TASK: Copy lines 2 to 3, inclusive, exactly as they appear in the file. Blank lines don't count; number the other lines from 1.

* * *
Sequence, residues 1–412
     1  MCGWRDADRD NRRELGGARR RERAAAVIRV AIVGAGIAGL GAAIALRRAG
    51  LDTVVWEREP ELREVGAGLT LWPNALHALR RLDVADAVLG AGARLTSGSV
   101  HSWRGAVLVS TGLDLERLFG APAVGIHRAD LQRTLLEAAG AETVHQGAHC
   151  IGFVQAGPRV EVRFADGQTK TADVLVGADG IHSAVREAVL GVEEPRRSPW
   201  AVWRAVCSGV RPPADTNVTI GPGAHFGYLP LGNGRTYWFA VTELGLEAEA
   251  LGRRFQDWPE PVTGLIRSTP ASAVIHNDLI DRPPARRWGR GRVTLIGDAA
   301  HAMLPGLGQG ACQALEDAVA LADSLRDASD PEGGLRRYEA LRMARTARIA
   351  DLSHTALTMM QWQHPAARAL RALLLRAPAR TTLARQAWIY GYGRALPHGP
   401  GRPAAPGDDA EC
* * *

     1  MCGWRDADRD NRRELGGARR RERAAAVIRV AIVGAGIAGL GAAIALRRAG
    51  LDTVVWEREP ELREVGAGLT LWPNALHALR RLDVADAVLG AGARLTSGSV